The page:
The Individuals with Disabilities Education Act (IDEA) requires that a student's Individualized Education Program (IEP) include transition planning by age 16 or earlier, if appropriate. This plan should reflect a student's interests and preferences, current accomplishments and skills, what they still need to learn, as well as what they want to do in life. This can include a range of goals - everything from the type of career the student would like to pursue to the kind of living situation he or she hopes to have. Person-centered planning is a way to identify a student's individual goals and to help students, families and professionals craft plans that will support students as they strive to achieve their dreams. At its best, the person-centered planning process can strengthen the transition to post -school activities by:
Communication skills for people who are deaf-blind can range from spoken, written and/or signed formal language all the way to using behavior cues as the only means of expressing wants and needs. It is imperative that all forms of communication by a person who is deaf-blind be respected and that they are in an environment which encourages both their expressive and receptive communication attempts. This standard should also be used when planning for the future.Â What settings will provide the richest communication environment? What supports need to be in place to facilitate communication such as interpreters, interveners, adaptive equipment, etc.? How will others in the environment learn the communication methods used by this person?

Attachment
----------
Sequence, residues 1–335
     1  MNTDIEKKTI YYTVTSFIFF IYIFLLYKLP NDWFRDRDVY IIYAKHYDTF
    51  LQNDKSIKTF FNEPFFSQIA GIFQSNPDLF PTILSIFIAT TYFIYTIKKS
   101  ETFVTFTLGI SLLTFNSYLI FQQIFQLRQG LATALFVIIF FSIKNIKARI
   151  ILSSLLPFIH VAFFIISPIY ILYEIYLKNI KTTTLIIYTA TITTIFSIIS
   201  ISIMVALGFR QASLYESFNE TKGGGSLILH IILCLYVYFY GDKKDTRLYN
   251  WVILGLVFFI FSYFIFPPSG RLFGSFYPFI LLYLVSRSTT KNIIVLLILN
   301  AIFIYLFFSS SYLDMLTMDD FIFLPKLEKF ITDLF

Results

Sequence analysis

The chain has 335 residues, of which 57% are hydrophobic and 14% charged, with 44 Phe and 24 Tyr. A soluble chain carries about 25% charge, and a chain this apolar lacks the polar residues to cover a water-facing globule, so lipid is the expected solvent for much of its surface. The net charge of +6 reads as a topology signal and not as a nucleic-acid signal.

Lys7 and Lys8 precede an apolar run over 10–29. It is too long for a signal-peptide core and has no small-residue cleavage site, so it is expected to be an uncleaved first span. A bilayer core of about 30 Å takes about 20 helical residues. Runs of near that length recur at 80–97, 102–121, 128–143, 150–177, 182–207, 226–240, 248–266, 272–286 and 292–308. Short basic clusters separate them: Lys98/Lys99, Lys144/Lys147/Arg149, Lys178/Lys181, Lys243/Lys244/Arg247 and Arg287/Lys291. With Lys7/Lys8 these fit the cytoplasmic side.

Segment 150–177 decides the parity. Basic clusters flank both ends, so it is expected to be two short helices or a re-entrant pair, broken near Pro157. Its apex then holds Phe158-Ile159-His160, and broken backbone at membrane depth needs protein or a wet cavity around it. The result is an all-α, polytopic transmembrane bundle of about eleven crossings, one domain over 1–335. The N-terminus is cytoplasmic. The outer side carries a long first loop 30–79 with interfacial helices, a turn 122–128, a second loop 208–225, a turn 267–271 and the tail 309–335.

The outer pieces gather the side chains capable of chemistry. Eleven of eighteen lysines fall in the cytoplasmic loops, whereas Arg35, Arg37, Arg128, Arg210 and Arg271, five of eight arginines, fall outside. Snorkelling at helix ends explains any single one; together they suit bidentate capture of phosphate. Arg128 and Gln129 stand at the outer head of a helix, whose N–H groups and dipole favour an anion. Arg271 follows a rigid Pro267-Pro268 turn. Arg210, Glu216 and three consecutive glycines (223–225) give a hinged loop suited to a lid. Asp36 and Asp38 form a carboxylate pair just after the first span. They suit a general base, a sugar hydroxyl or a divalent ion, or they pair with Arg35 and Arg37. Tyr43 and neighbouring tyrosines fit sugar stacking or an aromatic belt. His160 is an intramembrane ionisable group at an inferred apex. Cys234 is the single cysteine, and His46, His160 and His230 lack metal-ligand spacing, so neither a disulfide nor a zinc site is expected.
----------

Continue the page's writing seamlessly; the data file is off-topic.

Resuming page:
When planning for the future of a person who is deaf-blind, safe and independent travel must be addressed. For some people, this may mean ensuring that the environments in which they live and work are safe and that provisions are made to teach the person the layout of the area and how to navigate within it, whether by walking or using assistive mobility equipment. For other people, travel planning may involve finding employment and/or housing along bus routes and providing extensive instruction to the person on the use of public transportation.